Adam Grant in his book Give and Take: a Revolutionary Approach to Success argues that a Giver – a person who likes to help others – can be successful or not depending on how highly s/he value their own interests in addition to their generosity to others. He argues that self-interest and other-interest (being generous and helpful to others) are not mutually exclusive but are completely independent motivations. Successful people have high degrees of self-interest AND other-interest.
Adam categorizes people into three (3) categories: Givers, Takers, and Matchers.
- Takers – score high in self-interest and low in considering the interest of others. Takers like to receive more than they give. They put their own needs ahead of the needs of others – it’s a dog-eat-dog world. Takers help others only when the benefit to themselves outweighs the costs to themselves.
- Matchers — seek to have an equal balance of giving and getting. Matchers value fairness and equivalent reciprocity – tit for tat – they grant favors with an expectation that a return favor will be granted to them: “I’ll do something for you, if you do something for me.”
- Givers – always score high on other-interest but may score either high or low on self-interest. Givers give more than they get. Givers tend to be generous in sharing their time, energy, knowledge, skills, ideas and connections with others who might benefit from them. Selfless Givers are doormats; successful Givers are otherish – they care about others but also are ambitious and want to advance their own interests.
When Adam explored who was not successful, as one would expect, it was Givers – and in particular, selfless Givers. Selfless Givers make others better off and sacrifice their own success. But when he looked at who was most successful, it was a Givers again – Matchers and Takers tended to be in the middle of the pack. Of course there are Takers and Matchers that are successful, but Adam presents a strong a case that Givers who are also interested in their own careers are successful. He reports:
[highly successful givers] had roughly 20 percent more objectives related to gaining influence, earning recognition, and attaining individual excellence. The successful Givers weren’t just more other-oriented than their peers; they were also more self-interested. Successful Givers, it turns out, are just as ambitious as takers and matchers.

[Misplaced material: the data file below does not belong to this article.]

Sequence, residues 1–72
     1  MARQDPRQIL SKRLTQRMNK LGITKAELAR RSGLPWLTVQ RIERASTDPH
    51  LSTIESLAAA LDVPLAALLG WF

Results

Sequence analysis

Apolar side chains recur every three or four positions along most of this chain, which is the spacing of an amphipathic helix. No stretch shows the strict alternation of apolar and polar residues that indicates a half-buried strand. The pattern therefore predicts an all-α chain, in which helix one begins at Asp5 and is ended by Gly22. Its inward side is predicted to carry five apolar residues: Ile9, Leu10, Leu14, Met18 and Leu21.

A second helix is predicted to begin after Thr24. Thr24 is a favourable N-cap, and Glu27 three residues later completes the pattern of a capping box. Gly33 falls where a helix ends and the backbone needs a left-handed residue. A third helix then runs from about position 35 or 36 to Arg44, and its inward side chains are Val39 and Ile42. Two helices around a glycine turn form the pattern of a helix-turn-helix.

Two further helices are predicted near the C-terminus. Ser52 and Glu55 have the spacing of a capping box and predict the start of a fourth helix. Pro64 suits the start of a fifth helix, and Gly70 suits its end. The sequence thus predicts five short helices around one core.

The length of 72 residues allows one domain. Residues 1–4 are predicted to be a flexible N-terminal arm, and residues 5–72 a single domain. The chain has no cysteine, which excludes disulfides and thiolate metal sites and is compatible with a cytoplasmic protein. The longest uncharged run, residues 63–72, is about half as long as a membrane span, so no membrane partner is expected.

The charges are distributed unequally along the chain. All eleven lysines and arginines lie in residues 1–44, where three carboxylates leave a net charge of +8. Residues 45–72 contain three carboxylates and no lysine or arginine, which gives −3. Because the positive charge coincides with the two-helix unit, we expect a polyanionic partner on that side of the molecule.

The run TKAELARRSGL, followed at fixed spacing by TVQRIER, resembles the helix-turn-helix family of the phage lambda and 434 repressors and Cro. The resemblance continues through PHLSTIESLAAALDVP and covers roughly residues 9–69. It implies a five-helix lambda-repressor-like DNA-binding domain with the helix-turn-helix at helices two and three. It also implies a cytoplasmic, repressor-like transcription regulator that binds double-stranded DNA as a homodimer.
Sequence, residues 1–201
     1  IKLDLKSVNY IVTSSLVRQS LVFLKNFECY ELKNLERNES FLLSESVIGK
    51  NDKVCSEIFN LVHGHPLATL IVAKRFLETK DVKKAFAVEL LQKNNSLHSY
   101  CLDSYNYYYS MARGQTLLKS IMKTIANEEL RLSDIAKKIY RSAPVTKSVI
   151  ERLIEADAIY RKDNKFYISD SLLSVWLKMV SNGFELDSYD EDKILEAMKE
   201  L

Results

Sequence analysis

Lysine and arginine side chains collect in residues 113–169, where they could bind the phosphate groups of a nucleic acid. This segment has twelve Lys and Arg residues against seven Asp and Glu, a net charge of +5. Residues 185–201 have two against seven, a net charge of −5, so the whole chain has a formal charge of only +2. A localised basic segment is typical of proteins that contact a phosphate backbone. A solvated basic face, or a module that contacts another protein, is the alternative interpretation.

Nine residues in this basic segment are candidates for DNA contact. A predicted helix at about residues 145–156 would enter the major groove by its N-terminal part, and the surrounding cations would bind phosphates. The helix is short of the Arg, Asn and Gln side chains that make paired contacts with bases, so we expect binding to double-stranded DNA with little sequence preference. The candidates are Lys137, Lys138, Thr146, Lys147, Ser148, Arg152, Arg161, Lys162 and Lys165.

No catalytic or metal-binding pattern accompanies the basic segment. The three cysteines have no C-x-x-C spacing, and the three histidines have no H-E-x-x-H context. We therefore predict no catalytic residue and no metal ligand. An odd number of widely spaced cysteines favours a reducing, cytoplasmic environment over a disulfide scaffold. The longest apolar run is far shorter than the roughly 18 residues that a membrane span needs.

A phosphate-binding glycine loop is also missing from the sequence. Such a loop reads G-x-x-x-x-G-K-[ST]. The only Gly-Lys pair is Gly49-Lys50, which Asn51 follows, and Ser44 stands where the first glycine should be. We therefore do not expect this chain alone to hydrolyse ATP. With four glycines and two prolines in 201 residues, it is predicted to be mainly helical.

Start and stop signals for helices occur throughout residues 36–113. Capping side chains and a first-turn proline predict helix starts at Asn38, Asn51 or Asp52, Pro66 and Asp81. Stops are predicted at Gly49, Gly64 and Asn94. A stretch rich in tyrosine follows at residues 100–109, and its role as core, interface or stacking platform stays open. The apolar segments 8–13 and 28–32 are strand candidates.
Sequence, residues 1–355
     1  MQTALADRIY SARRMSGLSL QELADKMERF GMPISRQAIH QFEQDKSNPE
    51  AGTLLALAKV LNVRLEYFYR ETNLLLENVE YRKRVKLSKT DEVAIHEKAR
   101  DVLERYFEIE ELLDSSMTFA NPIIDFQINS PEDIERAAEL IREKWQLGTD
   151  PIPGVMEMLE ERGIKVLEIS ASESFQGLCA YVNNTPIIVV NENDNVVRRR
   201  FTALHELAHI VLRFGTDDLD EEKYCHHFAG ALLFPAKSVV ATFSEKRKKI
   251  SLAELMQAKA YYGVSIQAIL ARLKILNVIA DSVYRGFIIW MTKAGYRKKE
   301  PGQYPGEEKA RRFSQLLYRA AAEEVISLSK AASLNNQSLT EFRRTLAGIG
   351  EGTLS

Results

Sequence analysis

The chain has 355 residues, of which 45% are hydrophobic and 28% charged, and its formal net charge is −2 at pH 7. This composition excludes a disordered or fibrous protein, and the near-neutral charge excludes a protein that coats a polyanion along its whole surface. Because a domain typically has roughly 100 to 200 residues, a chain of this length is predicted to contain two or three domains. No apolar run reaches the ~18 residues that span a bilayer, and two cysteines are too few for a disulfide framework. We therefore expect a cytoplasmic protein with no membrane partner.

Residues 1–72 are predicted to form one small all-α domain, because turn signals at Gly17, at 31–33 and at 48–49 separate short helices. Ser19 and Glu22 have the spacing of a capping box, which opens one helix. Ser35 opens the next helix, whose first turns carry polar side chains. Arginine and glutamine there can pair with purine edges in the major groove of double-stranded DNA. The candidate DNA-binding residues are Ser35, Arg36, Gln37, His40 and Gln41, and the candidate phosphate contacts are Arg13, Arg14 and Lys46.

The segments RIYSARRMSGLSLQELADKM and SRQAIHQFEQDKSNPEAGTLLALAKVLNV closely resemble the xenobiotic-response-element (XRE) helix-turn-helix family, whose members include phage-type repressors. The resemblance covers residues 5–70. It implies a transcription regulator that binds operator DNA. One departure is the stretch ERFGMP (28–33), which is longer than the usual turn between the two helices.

Adam tells of remarkably successful Givers – people who were generous with their time and support for others and also reached the top of their fields. He recounts stories of small favors or favors given through remote connections that turned out to lead to significant relationships years later. It’s almost as if you don’t know who you will run into later in life so it is best to be generous to everyone.
Adam discusses a number of areas in which Givers differ from Takers or Matchers. Three, in particular, intrigued me: sharing credit, powerless communication, and asking for advice.
One area that separates Givers from Matchers or Takers is sharing credit for success. Sharing credit, and like sharing information, varies by type – Givers naturally tend to share information and credit, Matchers share credit or information if others do, and Taker tends not to share information or credit. Adam offers explanations as to why people in general don’t share credit:
- The responsibility bias– people overestimate their own contributions compared to others
- The information discrepancy – people have more access to their own efforts and contributions than the contributions of others
John Kotter has written about the importance of lateral relationships for the success of projects. It is easy to see why Givers would be more successful if a project requires the cooperation of others over whom one has no formal authority. Givers share information and credit and build relationships and networks that invite cooperation and collaboration much more so than Takers or Matchers.